Charly fell back into the seat, immensely relieved. “Well done, compadre,” he sighed from the back seat. “From now on, you can drive the Cadillac anytime.”
“Magnifico!” I exclaimed, giggling. I put the car in reverse, turned around eagerly, and backed out of the parking spot into the plaza.
As the girls had promised, the roads were deserted. My Tocayo made it to the Plaza two hours before sunrise and found an empty parking spot facing the central fountain, on the opposite side of the presidential palace. He carefully parked Zoila’s Cadillac there.
The bus station where I would arrive was around the corner, just as I had explained to him, so he turned on the radio, rolled over the back of the front seat and flopped into the thickly padded leather of the back seat. He opened the window half way and pulled his sleeping bag over him, laying his head on his lumpy gym bag. Looking out at the darkened façade of Lima’s colonial Cathedral, he drifted off to the musical selections of the sleep-deprived jockey on the all-night station, and did not wake up until a squadron of French-built Mirage fighter jets belonging to the Peruvian Air Force shot straight across the plaza at roof-top level and headed for the presidential palace.
The sound they made was like tearing metal. Charly sat bolt upright and saw the jets flash across the windshield. They vanished behind the Presidential Palace, the sound of their engines echoing off the buildings. Dozens of tanks had entered the plaza and were now advancing toward the palace on either side of him, their engines roaring, their treads squeaking on the pavement.
Charly’s hand flew to the door handle, but what he saw made him stop. Jeeps and soldiers were tucked in between the tanks. He yanked his arm away and flattened out on the seat. Had they seen him? He rolled off the seat, landed on the floor, and covered himself with his sleeping bag.
Would they rush the car and yank open the doors? Or would they just riddle his car with bullets from the machine guns mounted on the rear of their jeeps? Did Peruvian soldiers have bazookas? Oh no, now he was imagining a tank sticking its barrel through the rear window, shattering the glass, and picking up Zoila’s Cadillac by the roof. His mind was flooded with images of tumbling madly inside a car that was dangling from a tank barrel that a sadistic tank commander was swinging left and right to entertain the men.
Me, I was looking around the inside of my bus, now with all the interior lights lit. The Incas had on their stoic faces. No one could ever tell what an Inca was thinking, so they suspected the worst.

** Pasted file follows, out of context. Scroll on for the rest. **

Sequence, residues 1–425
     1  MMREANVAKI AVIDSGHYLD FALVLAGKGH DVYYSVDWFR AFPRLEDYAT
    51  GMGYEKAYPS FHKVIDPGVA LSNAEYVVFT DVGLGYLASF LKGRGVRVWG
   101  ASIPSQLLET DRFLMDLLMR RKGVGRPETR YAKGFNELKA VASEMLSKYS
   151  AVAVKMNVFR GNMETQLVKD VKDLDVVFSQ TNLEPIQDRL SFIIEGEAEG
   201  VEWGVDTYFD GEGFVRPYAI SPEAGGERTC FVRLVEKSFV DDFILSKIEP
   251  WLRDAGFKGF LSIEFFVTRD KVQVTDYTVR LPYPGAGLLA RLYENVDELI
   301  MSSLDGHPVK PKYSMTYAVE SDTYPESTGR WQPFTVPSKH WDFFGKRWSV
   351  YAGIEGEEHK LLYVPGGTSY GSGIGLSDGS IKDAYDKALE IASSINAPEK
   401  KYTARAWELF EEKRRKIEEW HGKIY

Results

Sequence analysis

The soldiers had stopped the bus after it had entered the station. Several other buses full of passengers ready to depart for points all across Peru had not been allowed to leave. The soldiers were not saying anything, but I knew what it was. A golpe. A swift uppercut to the president’s political jaw, only this time the blow was being delivered by the left-handed fighter that in America you call a southpaw.
A coup was standard operating procedure for a South American country whose president was losing his hold on the population. The military had no taste for disorder. After it stepped in, it adopted conservative fiscal policies, returned the country to where it had been when the president was first elected, and after another set of elections handed over the reins of government to the next president, so the cycle could begin anew. But this coup, it was different. In fact, there had never been a coup like it in all of South America, as you will see.
The historic coup was happening just outside the bus station, but I could not see a thing because no one had been allowed off the bus. I did not know whether Charly had made it to the plaza. I chuckled nervously, imagining Charly’s reaction to being detained. Then I began to worry. Would Charly have enough sense to shut up and do as he was told? He looked so strange they might mistake him for a foreign provocateur and shoot him.
Like they would probably shoot the Incas. When you’re not sure who to shoot, shoot the Inca. You could summarize Peruvian history that way. Would Salcedo agree? The Incas themselves always expected the worst. They had good reason to. I turned to look at the indian boy sitting beside me. He had also gone stoic. Staring straight ahead, looking at nothing. I put my knapsack on my lap, crossed my arms over it, and stared straight ahead, too. I couldn’t do anything for the young boy but hope, so we would wait beside each other like stone walls in an Andean field.
Unfortunately, stone walls in Andean fields did not have mothers who, during a coup, became extremely interested in the whereabouts of their granite-headed sons. I slouched. What lousy timing! If I was going to select a weekend to tell Mamina the biggest lie of my life, why did it have to be the same weekend that the Peruvian military picked to overthrow the president? I leaned forward and banged my head softly against the cold steel bar that ran along the top of the seat in front of me.
Charly heard a buzzing sound. The radio was on. The radio station had gone off the air sometime during the night. If it suddenly started broadcasting, it would make a racket. Carefully, Charly lifted his head and peeked out the window.
Though it was already dawn, the Presidential Palace was illuminated by floodlights from the military vehicles pointing their machine guns and cannons directly at the elegant white marble facade. Three dozen tanks had wheeled around the plaza and lined up in front of the ornate wrought iron gates. Behind the tanks, hundreds of infantrymen had poured out of canvas-covered trucks, and spread out along the cathedral steps and through the Spanish archways of the government buildings, tourist agencies, and travel offices that encircled the plaza. The roads surrounding the palace also filled with tanks, soldiers, and jeeps, securing the downtown government center and business district. If the president felt so inclined, he could verify that his navy was at sea. If his guards would let him out of the basement, he would be able to spot the squadron of jets still circling. The jets, the tanks, and the infantrymen were not there to destroy the palace or kill anyone. They were there to make the president’s decision easy.